I’m not gonna lie to you—I can’t claim to be inspired 100% of the time. The authors of Dare to Inspire admit that inspiration can seem fleeting, but they’re not ready to throw in the towel. Drawing examples from business success stories along with other recent history, they provide a guide for finding—and maintaining—your motivation.

No Place Like Known: A Journey of Self-Discovery, Chasing Dreams, and Finding Home Right Where You Are by Megan Valentine

There were times early in my career where I felt lost and needed some guidance, but I’ve always been proud of the way I got back on track in pursuit of my goals. Megan Valentine illustrates all the benefits that can come our way when we face our fears and dare to dream without any hesitations.

Discover Joy in Work: Transforming Your Occupation Into Your Vocation by Shundrawn A. Thomas

As my career has progressed, I’ve found that there are many connections between the values that matter to us and the work we do. Shundrawn A. Thomas explores this idea in great detail, outlining how we can meet challenges by remembering we have total control of our own outlooks.

Enoughness: The Simple Truth of Embracing YOU by Alison Robertson

I see a lot of business executives who try to live according to someone else’s ideas of success. Using real stories and experiences, Allison Robertson builds rapport with readers, while teaching about the value of getting out of your own way and permitting yourself to be exactly who you are.

The Big Stretch: 90 Days to Expand Your Dreams, Crush Your Goals, and Create Your Own Success by Teneshia Jackson Warner

Sometimes setting big goals can feel daunting. There have certainly been times in the past when I’ve written down an idea and struggled to figure out how to execute it. In The Big Stretch, Teneshia Jackson Warner makes those big ideas seem within reach by helping you focus on the action steps that are most important to you.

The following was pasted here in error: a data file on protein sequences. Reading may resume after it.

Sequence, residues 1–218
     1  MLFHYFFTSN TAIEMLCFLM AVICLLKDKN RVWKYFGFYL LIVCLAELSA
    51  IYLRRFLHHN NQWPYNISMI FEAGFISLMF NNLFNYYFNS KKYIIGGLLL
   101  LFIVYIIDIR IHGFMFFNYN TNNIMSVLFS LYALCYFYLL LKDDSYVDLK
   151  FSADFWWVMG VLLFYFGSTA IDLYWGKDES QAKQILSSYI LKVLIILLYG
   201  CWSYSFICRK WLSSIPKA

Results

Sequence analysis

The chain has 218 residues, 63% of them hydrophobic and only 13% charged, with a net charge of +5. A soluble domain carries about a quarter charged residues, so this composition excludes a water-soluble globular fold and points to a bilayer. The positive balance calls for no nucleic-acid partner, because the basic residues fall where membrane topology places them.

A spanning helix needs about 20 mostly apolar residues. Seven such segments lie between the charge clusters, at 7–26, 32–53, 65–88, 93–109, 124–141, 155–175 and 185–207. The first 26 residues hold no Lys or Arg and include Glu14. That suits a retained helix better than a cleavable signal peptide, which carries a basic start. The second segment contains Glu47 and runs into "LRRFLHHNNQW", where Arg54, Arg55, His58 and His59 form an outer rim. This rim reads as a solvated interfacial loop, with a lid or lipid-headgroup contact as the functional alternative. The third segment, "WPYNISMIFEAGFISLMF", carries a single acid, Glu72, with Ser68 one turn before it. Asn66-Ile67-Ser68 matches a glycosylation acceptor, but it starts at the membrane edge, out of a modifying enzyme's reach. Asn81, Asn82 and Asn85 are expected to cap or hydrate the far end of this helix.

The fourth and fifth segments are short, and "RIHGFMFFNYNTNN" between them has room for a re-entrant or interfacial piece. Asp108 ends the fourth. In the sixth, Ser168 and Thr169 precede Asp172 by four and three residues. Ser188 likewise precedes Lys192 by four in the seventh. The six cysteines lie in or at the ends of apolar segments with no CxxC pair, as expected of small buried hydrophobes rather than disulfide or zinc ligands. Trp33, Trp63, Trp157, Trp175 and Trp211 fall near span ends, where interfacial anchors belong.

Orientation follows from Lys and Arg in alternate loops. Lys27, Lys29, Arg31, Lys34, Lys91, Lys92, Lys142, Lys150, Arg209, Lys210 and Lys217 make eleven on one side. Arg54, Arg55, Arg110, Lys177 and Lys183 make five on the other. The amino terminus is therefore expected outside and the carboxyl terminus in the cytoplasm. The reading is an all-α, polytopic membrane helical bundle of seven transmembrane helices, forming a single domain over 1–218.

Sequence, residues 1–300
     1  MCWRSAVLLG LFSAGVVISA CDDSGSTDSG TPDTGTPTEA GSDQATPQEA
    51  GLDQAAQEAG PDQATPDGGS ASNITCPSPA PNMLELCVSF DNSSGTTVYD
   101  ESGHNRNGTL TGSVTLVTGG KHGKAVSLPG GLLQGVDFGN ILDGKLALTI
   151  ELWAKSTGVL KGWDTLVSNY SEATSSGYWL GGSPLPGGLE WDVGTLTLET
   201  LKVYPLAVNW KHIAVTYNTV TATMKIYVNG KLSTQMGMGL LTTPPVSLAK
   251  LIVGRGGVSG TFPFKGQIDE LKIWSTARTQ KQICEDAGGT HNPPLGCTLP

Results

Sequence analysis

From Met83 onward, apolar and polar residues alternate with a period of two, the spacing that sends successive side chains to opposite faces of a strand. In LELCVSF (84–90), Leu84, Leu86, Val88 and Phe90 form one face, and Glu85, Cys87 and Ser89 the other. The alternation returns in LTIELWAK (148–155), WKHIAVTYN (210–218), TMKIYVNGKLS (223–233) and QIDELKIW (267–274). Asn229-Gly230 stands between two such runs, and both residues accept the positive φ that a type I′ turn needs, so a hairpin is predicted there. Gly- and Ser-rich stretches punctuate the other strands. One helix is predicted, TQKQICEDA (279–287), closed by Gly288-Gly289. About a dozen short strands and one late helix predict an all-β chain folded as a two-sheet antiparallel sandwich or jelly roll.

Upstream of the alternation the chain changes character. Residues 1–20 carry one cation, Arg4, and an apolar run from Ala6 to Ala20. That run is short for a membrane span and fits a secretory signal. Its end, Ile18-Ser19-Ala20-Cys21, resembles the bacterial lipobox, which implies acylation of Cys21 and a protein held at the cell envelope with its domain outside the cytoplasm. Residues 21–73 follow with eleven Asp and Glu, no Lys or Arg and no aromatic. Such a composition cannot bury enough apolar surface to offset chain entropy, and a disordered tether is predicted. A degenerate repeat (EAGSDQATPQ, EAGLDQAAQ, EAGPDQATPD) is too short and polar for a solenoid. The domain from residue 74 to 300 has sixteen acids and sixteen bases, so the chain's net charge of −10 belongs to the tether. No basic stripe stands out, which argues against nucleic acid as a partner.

Startups and Downs: The Secrets of Resilient Entrepreneurs by Mona Bijoor

When I’m coaching entrepreneurs who are working to get their companies off the ground, I always remind them that hurdles and challenges will inevitably arise. In this book, Mona Bijoor takes that advice a step further with true stories about how entrepreneurs have weathered the tests they’ve faced along the way.

Flip the Script: Train Your Brain to Breakthrough Your Biggest Barriers and Release Your Highest Potential by Coyte Cooper

Some of my most well-worn advice to small business owners is to approach each opportunity with a positive attitude. In this book, I found a lot of useful tips on how to do that. Coyte Cooper touches on topics like how to fight against self-doubt and how to be mindful of all the things that are going well in your life.

Ignite Your Life for Conscious Leaders: Elevating and Transforming the Way We Lead Ourselves and Others in a New and Conscious Way by JB Owen and Catherine Malli-Dawson

Before I could manage a whole team, I had to teach myself to lead my most important employee: me. This book uses short vignettes to show how we can comprehend, develop and create change when we start with our own personal development.

Limitless: How to Ignore Everybody, Carve Your Own Path, and Live Your Best Life by Laura Gassner Otting

It’s easy to get stressed when you’re working on your startup. I’ve certainly been there a time or two. In Limitless, Laura Gassner Otting illustrates how plenty of smart businesspeople follow the wrong idea of success only to become burned out in the process. In these pages, Otting offers concrete advice on how to create your own roadmap to success.